The brooks natural flow was cut into the plywood and the cut off piece was lowered to form the bed of the brook. Stone bridge abutments and basic land forms carved from foam board insulation glued in place. 


 The land forms were completed with Sculptamold.



  Followed by a heavy coat of gray paint.


A soupy mixture of Durham's Rock Hard Water Putty sealed the stream bed and banks together. Painters tape along the layout edge was good enough to keep the mixture contained until hardened, tarp below just to be sure.



A thinned coat of an earth color cover the banks and a layer of sand in the stream bed secured with Matte Medium.


Small rocks are secured to the stream bed and a wash of gray air brushed over the entire bed. The stream banks are covered with basic foliage before pouring the brooks "water".


A product named MAGIC WATER will be used to simulate the brooks "water". Styrene sheet secured to the layout edge by screws with a thin layer of sealant between will contain the MAGIC WATER until cured. Again tarp below as a precaution.


The MAGIC WATER cured overnight to a slight rippled surface that was hoped for. Thankfully, no leaks throughout the curing process!





Monday, February 21, 2022

Modeling The New Haven RR State Line Interchange Yard part 1

 Brief history

The State Line interchange yard was located in the town of West Stockbridge Massachusetts at the border line with New York State. This yard was an integral part of the first all rail route between Bridgeport Connecticut and Albany New York that was desired by business firms of Bridgeport Connecticut during the 1830's. 

The Housatonic Rail Road Company began railroad construction at Bridgeport in 1837 completing the Connecticut portion of the route to the border with Massachusetts during 1842. The Berkshire Railroad of Massachusetts continued this railroad construction northward from the state border with Connecticut reaching the town center of West Stockbridge during 1843.

The Housatonic Rail Road Company leased the Berkshire Railroad in 1844 and constructed 2.25 additional miles from West Stockbridge center to a junction point at the New York/Massachusetts border line with the existing Western Railroad completing the rail route from Bridgeport to Albany in 1845.

The map below shows the original alignment of the Housatonic Rail Road Company in RED and the Western Railroad in BLUE.

The Housatonic Rail Road Company was leased in 1892 by and eventually owned by the New York, New Haven & Hartford Railroad. The Western Railroad would become the Boston & Albany Railroad.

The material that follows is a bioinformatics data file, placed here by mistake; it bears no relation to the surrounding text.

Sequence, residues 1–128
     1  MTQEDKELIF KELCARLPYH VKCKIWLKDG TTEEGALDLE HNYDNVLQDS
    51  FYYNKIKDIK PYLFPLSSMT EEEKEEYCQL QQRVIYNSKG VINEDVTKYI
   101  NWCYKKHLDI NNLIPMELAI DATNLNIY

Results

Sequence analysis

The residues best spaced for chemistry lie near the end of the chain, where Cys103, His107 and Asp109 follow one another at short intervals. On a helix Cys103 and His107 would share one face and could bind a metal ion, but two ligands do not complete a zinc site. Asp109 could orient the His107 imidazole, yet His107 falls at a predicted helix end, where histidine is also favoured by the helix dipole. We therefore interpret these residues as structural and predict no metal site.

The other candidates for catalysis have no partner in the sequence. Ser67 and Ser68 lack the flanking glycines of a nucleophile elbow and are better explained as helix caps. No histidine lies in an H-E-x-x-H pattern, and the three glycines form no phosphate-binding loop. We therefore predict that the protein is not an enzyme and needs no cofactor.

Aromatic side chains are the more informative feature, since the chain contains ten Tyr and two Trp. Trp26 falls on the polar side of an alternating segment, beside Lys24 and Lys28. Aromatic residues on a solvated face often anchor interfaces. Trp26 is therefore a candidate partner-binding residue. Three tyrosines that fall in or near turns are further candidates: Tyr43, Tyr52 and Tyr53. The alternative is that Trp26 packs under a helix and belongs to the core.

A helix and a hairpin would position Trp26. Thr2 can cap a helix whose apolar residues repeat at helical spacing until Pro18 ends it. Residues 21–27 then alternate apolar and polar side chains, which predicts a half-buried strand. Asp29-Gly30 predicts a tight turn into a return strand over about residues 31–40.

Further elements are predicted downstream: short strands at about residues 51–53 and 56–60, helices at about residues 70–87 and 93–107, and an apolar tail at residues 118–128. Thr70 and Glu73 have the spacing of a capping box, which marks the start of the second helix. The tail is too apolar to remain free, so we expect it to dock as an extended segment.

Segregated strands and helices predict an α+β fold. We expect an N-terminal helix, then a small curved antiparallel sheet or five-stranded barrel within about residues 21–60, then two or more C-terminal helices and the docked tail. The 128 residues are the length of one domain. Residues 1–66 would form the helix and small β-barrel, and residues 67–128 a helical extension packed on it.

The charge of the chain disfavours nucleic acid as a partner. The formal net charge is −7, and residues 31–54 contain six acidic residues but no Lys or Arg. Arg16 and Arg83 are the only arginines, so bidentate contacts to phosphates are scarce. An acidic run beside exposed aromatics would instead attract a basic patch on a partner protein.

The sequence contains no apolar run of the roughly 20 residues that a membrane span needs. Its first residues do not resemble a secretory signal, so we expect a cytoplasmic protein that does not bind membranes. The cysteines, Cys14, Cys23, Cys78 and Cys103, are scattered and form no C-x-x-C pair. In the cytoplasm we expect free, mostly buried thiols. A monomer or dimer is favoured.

At a point just south of Housatonic Massachusetts the original railroad alignment was joined by a separate northward alignment that was completed to Pittsfield Massachusetts during 1850. The junction point of the two alignments was known as Dalys (later Rising). See map below.


Some time later the alignment to Pittsfield would become the main route and the original State Line interchange yard to Dalys alignment became a 9.66 mile branch line as indicated in a 1930's New Haven employees timetable below.


Movement of interchange traffic at State Line during the era of modeling on the layout

The NH State Line yard in the mid 1950's was still an important freight interchange point between the New Haven RR and the Boston and Albany RR; during August of 1957 the weekly average number of interchanged cars was 364. 

To faciliate this interchange traffic with the B&A two New Haven symbol freight trains were scheduled 6 days a week. Danbury CT (R) to State Line (I) train RI-2 and conversely State Line to Danbury IR-1.

RI-2

Useful information for modeling these operations are gained from the mid 1950's New Haven RR schedule for symbol freight train RI-2 below.

The make up of train RI-2 at Danbury consists of cars from connecting through symbol freight trains from the Maybrook NY interchange yard (O), Boston (B), Cedar Hill classification yard in New Haven CT (N) and Harlem River/Oak Point yards/car floats in New York City (H), New Haven Division local extras (NX) terminating at Danbury.

Also, the blocking of cars at Danbury and stations for set off and pickup in route to State Line.

 

The above schedule also indicates the connecting interchange Boston & Albany train BC-1 a westbound Boston to Collinwood Ohio through freight train with connections at Collinwood for forwarding to Cincinnati, Columbus, Indianapolis, St Louis, Chicago and beyond.  



IR-1

The schedule for symbol train IR-1 below offers the same useful operating information.

The make up of train IR-1 at State Line with interchange traffic from the B&A connecting eastbound train NH-4 from the Selkirk NY yard to North Adams MA. Train NH-4 is not listed in the New York Central Through Freight Schedules like above BC-1, my understanding this train is considered a "traveling switcher listed in superintendent notices" which may be the equivalent of an "extra" on the New Haven.

Again car blocking at State Line and stations in route for set offs and pickups and connecting trains at Danbury. 

By agreements between both railroads at State Line, west bound interchange cars from the New Haven were picked up by the B&A backing onto the New Haven yard property and pulling the cars to the B&A main for departure. East bound interchange cars from the B&A were spotted on the B&A yard property west of the junction, the New Haven pulled the cars from there into the NH yard for blocking and inspection before departure.


Infrastructure at State Line